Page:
7 Success Takeaways from Aire Serv Owner, Chris Rattray
Lessons on hiring, finances and acquisitions have brought a newfound sense of accomplishment to an Oregon entrepreneur. He’s also enjoying an abundance of family time.
What a difference a franchise makes.
In 2011, the Dwyer Group contacted Chris Rattray about shifting his home-based HVAC business to an Aire Serv franchise model.
With young children, a 70-hour workweek and little time for family, Rattray spoke to his wife, Doña, about the offer. Six months later, the Oregon couple trekked to Dwyer headquarters in Texas and sealed the deal.
Rattray says he and Doña never imagined their business would have grown the way it has. Before they bought the Aire Serv franchise, Rattray was a self-employed service technician, while Doña—who hails from an entrepreneurial family—managed bookkeeping and other office duties.
The franchise purchase wasn’t a financial move; it was about quality of life, Rattray says.
“Before Aire Serv, I had been working 70 hours a week - since 2009. I tried to turn business away because I worked too much.”
Rattray opened Aire Serv of Marion County in February 2012. He quickly discovered there would be a “huge learning curve for us” to build success. The Rattrays hired employees and learned about planning and financial responsibilities.
“These were things we didn’t think about before,” Rattray says. “We were good with our money, but we knew we needed employees and a lot of training.”
He hired an office manager and an assistant technician to help in the field—and business did better than expected the first year.
The expansion was due in part to a Dwyer Group training on acquisitions that Rattray had attended. Though the father of three says he “just got lucky,” he returned home and began asking local heating and air conditioning companies whether they were interested in selling.
To date, he has bought three companies. “Obviously this helped,” he says.
Rattray says that when contractors tell him they’re too busy to attend a training, he laughs. It’s not an interruption; it’s about learning and knowing that the sky’s the limit, Rattray says.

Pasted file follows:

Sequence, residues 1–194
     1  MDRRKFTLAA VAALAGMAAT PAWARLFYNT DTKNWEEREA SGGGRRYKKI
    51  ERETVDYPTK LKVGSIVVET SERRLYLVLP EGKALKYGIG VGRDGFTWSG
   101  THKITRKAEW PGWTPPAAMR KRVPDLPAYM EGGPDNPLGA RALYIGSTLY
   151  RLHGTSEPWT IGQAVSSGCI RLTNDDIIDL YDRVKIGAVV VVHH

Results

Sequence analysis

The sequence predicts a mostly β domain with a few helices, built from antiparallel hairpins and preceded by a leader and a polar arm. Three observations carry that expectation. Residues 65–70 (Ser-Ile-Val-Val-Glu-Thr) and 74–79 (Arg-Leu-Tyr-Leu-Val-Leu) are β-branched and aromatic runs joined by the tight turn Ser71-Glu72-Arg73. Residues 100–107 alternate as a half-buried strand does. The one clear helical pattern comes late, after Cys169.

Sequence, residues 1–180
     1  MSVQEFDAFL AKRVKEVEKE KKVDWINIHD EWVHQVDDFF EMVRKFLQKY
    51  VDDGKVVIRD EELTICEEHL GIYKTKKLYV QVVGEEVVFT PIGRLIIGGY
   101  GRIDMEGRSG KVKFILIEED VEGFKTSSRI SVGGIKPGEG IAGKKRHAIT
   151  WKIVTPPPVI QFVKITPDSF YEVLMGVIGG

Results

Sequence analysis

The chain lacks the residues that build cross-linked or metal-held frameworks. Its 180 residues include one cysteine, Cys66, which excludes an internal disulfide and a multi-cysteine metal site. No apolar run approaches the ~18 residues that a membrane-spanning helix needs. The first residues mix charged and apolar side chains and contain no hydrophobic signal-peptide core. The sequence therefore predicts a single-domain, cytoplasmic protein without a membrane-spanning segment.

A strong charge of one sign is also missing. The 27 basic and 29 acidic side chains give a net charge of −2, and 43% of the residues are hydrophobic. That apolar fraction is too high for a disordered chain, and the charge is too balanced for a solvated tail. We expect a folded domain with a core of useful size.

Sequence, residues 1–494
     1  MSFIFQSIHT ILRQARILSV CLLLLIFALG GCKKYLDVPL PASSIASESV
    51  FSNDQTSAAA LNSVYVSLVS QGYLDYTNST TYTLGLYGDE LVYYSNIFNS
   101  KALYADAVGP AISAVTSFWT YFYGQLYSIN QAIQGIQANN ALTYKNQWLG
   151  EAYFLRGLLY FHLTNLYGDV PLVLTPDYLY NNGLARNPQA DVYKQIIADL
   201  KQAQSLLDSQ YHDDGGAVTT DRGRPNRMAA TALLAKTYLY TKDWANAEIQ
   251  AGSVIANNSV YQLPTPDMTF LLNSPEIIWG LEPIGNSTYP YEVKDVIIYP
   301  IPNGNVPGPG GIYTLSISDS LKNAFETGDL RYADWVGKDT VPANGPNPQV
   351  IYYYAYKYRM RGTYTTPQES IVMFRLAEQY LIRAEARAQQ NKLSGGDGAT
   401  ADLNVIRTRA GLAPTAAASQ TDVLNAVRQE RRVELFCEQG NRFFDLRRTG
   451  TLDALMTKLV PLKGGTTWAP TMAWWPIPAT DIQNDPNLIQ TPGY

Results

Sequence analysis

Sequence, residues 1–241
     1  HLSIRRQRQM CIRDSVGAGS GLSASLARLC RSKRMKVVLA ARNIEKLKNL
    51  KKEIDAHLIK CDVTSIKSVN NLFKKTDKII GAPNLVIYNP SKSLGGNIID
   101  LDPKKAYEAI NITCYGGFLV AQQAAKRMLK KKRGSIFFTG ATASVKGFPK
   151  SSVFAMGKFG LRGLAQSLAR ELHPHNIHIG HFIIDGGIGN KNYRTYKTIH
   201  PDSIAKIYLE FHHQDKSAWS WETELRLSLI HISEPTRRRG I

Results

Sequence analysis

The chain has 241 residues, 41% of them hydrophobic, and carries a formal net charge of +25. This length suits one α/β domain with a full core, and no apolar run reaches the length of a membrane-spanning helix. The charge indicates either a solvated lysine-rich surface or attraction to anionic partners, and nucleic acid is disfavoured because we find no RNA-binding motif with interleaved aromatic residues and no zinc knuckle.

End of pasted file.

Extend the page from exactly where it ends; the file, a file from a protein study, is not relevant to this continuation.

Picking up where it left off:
Getting rid of headaches
One vital lesson Rattray learned when joining Aire Serv was how—and why—to let go of high-maintenance customers.
“There were certain people who were taking up too much time and profits. [They] wanted the best possible deal, but it wasn’t the best deal for me, because it was too time-consuming and not profitable. Learning how to say no was very hard,” Rattray says.
In year two, hiring was a priority. Rattray hired and fired 12 technicians, ultimately settling down with six or seven new people. He says hiring capable staffers helped free up time and improve his quality of life. The process, though, was stressful.
“Adding employees was a whole new monster; it was a major learning experience,” Rattray says.
Since 2013, Rattray has focused on recruiting managers who can run his business efficiently and help the company reach its goals.
The climb to success
At a recent team-building exercise, Rattray and his operations manager joined 11 workers on a seven-mile hike along the Pacific Crest Trail. Rattray and his ops manager each lugged 70 pounds of lunches and supplies in backpacks up the trail; the employees walked burden-free.
“We let them know, ‘We have your pack.’ We know they carry the load of the company every day, doing the work and making the money. We get it.”
These days, Rattray does more than hike trails. His 25-hour workweek affords him time to tinker with his two classic cars. The family—his wife and children ages 15, 13 and 12—enjoy their boat and camping in their motorhome.
“We go to all the kids’ games and activities. We don’t ever worry about the office,” Rattray says.
7 success takeaways from Chris Rattray, owner of Aire Serv of Marion County (Oregon)
- Attend trainings often.
- Surround yourself with successful people.
- Think acquisitions.
- Dismiss your high-maintenance customers.
- Tap other franchisees to help you through hard times.
- Hire management support.
- Let your team know you “have their back.”